You can make truer statements with statistics than without. Statements that apply to some fraction of people for some fraction of the time can be stated as such, instead of as absolutes.
No one ‘always’ does anything. If you said to someone “You always do this!” the statement can only be false.
‘All’ people of a certain demographic don’t do any one thing. “All women (or all men) behave a certain way”, is less true than a statement that specifies what fraction of men or women you mean, and how you estimated this fraction.
Degree of knowledge and applicability can only be expressed with completeness using statistical tools like sample size, probabilities, and likelihoods. Without them, you are stuck with either the wishy-washy ‘sometimes’ or the overconfident ‘always’.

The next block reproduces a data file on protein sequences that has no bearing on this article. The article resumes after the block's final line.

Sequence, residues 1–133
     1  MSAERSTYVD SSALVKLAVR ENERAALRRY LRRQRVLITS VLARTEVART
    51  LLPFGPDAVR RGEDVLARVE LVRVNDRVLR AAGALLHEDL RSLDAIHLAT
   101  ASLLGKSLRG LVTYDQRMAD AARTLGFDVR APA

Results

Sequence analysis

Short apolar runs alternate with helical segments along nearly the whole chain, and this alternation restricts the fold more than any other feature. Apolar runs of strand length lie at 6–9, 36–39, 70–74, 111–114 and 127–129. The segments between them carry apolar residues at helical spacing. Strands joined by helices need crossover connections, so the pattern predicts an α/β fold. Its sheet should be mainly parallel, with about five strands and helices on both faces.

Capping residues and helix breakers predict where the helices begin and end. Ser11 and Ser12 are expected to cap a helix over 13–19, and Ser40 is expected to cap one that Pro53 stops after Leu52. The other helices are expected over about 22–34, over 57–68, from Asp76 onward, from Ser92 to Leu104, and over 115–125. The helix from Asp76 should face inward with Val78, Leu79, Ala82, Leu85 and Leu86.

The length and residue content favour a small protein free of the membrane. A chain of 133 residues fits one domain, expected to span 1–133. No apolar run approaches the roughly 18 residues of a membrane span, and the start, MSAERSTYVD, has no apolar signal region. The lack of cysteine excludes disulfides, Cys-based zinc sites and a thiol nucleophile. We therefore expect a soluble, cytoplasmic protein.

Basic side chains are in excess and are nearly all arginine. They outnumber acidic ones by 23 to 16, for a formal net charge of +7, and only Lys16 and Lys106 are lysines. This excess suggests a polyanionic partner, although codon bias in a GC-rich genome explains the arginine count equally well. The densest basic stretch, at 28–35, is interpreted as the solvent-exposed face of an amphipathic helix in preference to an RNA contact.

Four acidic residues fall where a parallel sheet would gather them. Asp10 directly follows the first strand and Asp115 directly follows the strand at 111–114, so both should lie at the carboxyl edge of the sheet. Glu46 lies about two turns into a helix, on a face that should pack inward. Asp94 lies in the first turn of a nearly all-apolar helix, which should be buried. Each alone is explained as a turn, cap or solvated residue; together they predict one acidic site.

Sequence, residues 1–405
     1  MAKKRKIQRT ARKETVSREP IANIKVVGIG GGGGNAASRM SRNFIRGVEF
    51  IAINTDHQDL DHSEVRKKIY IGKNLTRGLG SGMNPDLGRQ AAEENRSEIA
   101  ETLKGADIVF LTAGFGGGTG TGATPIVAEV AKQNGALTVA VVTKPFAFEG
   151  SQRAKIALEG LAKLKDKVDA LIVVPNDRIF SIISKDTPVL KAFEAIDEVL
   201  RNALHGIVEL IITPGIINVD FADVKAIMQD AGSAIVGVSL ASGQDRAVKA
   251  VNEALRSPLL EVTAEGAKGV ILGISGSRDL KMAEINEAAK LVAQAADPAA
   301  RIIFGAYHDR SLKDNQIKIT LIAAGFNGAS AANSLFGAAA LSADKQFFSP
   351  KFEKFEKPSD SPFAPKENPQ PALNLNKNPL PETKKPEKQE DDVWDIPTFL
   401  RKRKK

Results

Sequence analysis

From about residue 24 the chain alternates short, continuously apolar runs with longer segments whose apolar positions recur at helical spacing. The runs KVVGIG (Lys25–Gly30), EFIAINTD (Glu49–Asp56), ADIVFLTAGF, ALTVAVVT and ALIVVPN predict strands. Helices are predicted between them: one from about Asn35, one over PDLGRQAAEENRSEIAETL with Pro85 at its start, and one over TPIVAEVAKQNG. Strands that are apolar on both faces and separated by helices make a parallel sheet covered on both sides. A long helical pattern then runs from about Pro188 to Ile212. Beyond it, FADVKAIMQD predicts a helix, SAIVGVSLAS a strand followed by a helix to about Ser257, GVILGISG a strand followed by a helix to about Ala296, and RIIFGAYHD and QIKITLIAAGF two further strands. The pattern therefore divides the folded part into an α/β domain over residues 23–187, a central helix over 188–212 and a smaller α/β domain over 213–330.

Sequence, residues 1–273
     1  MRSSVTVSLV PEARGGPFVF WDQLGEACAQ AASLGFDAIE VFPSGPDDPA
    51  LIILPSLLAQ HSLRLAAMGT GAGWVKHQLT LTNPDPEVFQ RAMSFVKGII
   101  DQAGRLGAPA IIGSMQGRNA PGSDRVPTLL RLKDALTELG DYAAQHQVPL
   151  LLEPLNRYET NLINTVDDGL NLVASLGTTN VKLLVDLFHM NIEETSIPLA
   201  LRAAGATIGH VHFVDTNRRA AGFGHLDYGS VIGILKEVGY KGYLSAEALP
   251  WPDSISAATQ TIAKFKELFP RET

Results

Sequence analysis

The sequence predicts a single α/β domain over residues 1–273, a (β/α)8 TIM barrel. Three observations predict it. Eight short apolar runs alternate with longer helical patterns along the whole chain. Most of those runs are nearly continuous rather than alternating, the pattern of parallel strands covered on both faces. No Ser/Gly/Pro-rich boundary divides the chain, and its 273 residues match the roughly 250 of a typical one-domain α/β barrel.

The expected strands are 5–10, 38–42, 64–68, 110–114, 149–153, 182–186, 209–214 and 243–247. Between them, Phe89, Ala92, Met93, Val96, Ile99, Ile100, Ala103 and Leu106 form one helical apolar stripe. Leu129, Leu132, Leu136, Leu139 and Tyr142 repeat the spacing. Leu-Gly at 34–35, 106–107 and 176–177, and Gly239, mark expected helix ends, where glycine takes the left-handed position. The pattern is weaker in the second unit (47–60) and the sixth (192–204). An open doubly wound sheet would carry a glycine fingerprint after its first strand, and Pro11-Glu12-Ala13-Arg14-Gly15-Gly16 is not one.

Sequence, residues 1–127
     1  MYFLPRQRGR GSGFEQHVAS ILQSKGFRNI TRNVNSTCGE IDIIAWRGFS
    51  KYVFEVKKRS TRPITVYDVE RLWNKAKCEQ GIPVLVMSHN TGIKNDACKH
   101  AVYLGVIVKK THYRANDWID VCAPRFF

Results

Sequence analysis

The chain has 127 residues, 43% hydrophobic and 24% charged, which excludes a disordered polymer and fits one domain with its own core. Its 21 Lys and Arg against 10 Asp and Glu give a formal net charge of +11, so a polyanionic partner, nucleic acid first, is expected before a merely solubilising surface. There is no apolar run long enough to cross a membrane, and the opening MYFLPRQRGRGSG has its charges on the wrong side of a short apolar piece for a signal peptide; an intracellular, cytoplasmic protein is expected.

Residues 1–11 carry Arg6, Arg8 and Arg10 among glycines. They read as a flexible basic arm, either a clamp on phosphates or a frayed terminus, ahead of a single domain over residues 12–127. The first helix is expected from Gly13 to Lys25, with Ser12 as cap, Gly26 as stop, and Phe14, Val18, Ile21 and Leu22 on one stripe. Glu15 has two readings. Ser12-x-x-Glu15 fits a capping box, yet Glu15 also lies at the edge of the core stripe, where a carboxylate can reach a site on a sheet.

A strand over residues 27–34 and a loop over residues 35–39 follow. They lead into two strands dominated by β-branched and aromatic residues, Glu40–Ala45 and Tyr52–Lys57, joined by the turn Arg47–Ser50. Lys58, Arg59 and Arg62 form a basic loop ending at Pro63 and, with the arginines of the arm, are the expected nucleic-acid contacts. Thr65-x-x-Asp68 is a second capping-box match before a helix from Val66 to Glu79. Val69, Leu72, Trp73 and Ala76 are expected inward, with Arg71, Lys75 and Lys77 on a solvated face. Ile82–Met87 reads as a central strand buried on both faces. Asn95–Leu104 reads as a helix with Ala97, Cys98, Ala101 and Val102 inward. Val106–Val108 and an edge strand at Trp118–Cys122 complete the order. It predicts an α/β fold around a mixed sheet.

The phrase ‘lies, damn lies, and statistics’ was created in response to bad practitioners of statistics — people waving their hands and deflecting from the truth with jargon they know their audience doesn’t understand, trying to give an impression they know is incorrect.
Horrible as this is, statistics is not inherently prone to promoting falsehoods. With greater literacy, statistics can be an instrument of truth with nuance and accuracy.
Originally appeared on Medium.